The U.S. Postal Service celebrated the friendship between America and Japan with the Cherry Blossom Centennial issuance. That friendship found lasting expression a hundred years ago when the city of Tokyo gave 3,020 cherry trees to the city of Washington, D.C.
In this unusual design, two stamps form the left and right halves of a single, panoramic view of cherry trees blooming around the Tidal Basin in the nation’s capital. In the stamp on the left, blossoming trees arch over two girls dressed in bright kimonos and a family on a stroll. The Washington Monument rises in the background. In the stamp on the right, the Jefferson Memorial is the backdrop for other tourists taking in the sights under canopies of pink blooms.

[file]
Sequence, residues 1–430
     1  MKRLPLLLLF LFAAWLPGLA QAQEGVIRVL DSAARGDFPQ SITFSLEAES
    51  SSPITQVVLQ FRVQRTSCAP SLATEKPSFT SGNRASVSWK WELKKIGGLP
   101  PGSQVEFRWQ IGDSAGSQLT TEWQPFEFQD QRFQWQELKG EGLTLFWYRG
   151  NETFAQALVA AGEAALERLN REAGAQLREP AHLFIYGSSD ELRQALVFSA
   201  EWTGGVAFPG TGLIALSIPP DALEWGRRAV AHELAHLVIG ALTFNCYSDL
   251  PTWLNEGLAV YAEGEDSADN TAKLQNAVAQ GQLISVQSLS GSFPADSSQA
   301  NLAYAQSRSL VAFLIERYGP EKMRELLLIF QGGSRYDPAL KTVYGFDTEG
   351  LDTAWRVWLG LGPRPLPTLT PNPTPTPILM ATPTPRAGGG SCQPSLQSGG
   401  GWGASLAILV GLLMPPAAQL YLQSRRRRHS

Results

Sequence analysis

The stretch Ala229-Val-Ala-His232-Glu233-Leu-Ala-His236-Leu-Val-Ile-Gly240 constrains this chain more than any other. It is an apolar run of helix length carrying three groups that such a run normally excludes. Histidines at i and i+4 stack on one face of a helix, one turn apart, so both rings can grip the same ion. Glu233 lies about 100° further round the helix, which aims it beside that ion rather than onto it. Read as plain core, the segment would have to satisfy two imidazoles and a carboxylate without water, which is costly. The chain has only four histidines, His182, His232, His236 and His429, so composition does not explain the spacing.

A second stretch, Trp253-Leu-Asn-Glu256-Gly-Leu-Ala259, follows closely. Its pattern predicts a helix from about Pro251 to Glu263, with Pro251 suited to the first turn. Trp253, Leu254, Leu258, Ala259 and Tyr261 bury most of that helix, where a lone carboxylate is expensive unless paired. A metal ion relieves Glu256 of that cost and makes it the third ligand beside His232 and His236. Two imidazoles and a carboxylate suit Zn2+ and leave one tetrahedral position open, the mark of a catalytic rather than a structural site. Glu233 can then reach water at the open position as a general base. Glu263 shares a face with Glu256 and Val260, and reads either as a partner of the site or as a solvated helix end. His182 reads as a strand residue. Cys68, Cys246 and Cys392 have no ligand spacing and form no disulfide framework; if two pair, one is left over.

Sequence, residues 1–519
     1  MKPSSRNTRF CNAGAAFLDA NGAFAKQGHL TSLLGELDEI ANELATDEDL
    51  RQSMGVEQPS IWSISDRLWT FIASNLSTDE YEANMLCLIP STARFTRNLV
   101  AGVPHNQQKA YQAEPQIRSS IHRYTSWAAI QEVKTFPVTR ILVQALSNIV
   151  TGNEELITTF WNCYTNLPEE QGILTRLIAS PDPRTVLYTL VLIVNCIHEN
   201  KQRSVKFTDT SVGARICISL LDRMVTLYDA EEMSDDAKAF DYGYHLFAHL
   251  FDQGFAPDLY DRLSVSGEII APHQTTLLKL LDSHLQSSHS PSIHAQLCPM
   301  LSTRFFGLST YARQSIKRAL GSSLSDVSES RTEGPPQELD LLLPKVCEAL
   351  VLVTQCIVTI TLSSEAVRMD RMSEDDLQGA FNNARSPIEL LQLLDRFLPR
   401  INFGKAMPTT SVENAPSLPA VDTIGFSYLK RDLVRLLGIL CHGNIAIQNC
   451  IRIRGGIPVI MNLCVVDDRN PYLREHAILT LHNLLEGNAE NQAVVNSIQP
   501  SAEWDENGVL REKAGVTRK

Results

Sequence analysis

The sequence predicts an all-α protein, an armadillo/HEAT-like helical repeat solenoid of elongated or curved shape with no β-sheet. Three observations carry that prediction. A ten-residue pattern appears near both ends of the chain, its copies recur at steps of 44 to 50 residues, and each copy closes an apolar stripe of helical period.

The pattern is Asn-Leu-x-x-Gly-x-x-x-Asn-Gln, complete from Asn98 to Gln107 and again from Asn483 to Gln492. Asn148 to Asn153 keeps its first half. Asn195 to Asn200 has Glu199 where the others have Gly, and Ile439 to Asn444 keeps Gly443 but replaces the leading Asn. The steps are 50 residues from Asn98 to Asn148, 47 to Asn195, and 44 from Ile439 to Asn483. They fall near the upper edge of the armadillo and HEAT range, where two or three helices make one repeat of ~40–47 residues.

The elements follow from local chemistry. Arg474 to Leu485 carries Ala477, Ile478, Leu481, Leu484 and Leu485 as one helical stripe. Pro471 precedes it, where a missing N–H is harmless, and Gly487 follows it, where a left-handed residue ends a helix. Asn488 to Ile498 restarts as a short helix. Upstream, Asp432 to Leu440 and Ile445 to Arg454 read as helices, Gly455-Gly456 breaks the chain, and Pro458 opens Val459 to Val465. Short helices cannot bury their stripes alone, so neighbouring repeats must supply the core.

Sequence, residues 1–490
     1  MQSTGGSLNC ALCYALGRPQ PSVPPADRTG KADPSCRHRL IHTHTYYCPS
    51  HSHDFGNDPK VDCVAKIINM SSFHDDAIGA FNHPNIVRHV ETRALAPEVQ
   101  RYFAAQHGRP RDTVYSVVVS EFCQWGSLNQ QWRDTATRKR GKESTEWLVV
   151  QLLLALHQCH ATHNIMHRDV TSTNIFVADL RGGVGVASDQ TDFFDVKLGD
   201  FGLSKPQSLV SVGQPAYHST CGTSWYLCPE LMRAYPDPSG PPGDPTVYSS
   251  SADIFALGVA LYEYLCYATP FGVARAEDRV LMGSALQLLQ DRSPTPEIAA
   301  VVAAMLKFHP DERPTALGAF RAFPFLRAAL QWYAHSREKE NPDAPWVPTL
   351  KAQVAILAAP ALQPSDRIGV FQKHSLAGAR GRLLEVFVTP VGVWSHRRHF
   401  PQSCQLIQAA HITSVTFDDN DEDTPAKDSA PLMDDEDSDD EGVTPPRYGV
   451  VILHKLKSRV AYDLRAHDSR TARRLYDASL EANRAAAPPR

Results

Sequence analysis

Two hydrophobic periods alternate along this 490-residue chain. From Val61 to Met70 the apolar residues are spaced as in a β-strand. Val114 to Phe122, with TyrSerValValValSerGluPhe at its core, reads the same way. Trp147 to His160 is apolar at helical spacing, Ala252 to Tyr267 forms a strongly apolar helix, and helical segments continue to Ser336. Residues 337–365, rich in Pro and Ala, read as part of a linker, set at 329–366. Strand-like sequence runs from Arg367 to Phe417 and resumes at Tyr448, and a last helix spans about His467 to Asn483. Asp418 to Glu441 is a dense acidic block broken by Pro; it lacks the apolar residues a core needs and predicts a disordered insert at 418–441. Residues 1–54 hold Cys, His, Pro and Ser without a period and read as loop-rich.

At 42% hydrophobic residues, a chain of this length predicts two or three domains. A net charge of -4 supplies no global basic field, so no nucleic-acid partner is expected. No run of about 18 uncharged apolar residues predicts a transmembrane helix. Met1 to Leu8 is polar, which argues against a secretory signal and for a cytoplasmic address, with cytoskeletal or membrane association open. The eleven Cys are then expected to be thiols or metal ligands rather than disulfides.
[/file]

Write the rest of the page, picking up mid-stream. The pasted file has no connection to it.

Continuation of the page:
On March 27, 1912, in a modest ceremony at the Tidal Basin, First Lady Helen Herron Taft and Viscountess Chinda, wife of the Japanese ambassador, planted the first two trees, delighting a city for decades to come. Since that spring day, Washington’s cherry blossoms have remained an ever-renewing source of pleasure and pride. In 1927, local citizens held the first celebration of these stunning trees, and today the National Cherry Blossom Festival typically draws more than a million visitors.
Each spring, the festival that honors the blossoming of the cherry trees includes a parade and a host of concerts, exhibitions, and events that echo the spirit of Japan’s gift of friendship. Because these spectacular trees flower so briefly, the Japanese often see them as poignant symbols of transience — making every blossom an invitation to celebrate being alive